U.S. consumers continue to power economic growth | Visa
U.S. consumers continue to power economic growth
Monthly report on the consumer economic landscape from U.S. Principal Economist Michael Brown and U.S. Assoc. Economist Travis Clark.
November 22, 2019 – Retail sales (excluding auto sales) growth slowed to just 2.8 percent in October, marking the slowest pace of growth since February. While the deceleration looks dramatic, last October’s sales growth of 6.1 percent makes the year-over-year (YoY) comparable a bit tough. Sales increased in six of 13 industries last month, unchanged from September. The control group* within retail sales—which feeds into the GDP calculation—rose 0.3 percent month-over-month (MoM) in October, suggesting continued modest consumer spending growth to start Q4.
Consumer spending came in stronger than expected in the third quarter. The resilience of the U.S. consumer helped to support GDP growth even as business investment contracted for the second consecutive quarter. The pick up in disposable income growth is a positive sign for spending in the months ahead. — Michael Brown, Principal U.S. Economist at Visa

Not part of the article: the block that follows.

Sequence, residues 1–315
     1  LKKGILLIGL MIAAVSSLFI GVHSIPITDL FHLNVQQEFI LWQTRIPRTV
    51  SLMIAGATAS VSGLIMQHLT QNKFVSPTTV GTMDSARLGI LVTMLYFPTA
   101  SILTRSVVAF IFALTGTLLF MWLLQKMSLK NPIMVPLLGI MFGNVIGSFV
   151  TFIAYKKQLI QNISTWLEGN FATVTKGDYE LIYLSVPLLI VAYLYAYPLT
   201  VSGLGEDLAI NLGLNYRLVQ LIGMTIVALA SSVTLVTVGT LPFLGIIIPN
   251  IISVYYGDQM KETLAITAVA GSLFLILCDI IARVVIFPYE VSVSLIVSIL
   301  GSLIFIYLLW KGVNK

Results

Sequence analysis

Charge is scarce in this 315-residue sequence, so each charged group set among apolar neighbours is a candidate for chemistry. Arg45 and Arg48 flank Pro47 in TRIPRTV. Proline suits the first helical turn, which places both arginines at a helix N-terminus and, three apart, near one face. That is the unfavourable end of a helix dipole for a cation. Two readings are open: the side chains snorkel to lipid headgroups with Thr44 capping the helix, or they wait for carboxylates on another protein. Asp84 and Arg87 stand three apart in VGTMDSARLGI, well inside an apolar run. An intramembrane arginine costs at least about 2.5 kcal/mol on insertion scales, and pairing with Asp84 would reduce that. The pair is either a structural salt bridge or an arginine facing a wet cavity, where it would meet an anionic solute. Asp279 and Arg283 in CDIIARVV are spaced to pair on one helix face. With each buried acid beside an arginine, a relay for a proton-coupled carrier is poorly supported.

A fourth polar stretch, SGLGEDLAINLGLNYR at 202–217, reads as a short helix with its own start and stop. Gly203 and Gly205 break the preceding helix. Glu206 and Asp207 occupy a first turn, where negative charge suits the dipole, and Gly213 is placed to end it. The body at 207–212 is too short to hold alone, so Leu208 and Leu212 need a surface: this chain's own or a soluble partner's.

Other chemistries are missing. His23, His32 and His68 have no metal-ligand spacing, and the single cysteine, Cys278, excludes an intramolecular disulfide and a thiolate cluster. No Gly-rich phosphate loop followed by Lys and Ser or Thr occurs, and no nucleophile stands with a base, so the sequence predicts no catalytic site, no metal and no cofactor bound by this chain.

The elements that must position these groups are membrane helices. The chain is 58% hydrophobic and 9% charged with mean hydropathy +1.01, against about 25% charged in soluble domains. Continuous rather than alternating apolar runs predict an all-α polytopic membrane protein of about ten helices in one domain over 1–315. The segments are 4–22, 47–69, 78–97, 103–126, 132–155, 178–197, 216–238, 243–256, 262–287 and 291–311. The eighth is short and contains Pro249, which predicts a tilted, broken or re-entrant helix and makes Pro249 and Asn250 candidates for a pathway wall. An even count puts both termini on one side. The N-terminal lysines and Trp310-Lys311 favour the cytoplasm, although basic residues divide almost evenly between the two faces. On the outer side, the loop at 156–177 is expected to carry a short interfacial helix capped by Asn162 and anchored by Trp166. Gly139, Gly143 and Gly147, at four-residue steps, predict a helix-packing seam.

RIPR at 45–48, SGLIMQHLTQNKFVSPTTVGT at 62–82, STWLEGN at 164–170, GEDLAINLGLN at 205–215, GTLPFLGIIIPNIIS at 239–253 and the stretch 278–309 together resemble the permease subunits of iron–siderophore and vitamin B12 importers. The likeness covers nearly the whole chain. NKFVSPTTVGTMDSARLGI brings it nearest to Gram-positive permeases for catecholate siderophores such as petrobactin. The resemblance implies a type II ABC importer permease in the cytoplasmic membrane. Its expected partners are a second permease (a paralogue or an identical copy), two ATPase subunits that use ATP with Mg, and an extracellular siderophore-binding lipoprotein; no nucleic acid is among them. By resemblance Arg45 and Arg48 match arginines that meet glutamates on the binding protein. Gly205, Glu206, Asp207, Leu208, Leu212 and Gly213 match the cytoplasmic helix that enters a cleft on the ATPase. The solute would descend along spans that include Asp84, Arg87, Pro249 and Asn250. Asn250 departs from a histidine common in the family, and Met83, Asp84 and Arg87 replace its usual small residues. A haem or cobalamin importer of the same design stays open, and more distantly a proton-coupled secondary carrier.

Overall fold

Job growth continues to slow, due mostly to a tight labor market. However, consumer confidence remains strong and prices are still stable. Leading indicators largely support continued growth in consumer spending. — Travis Clark, U.S. Assoc. Economist at Visa
Other highlights of this report:
Consumer confidence remained relatively stable in October, dropping by less than half a point. Consumers’ future expectations continued to decline despite a slight increase in their confidence in the present situation. Consumers under 35 had the largest decline in confidence, down 11 points in October.
The U.S. economy added 128,000 jobs in October, falling below both August and September’s totals. An auto worker strike led to a loss of 36,000 manufacturing jobs in October. As a result of the strike and an increase in job seekers, the unemployment rate grew slightly to 3.6 percent. These conditions are temporary and indicate October’s job growth was more robust than the headline number suggests.
Monthly employment growth
(Monthly change, in thousands)
Sources: Visa Business and Economic Insights, Conference Board/Haver Analytics
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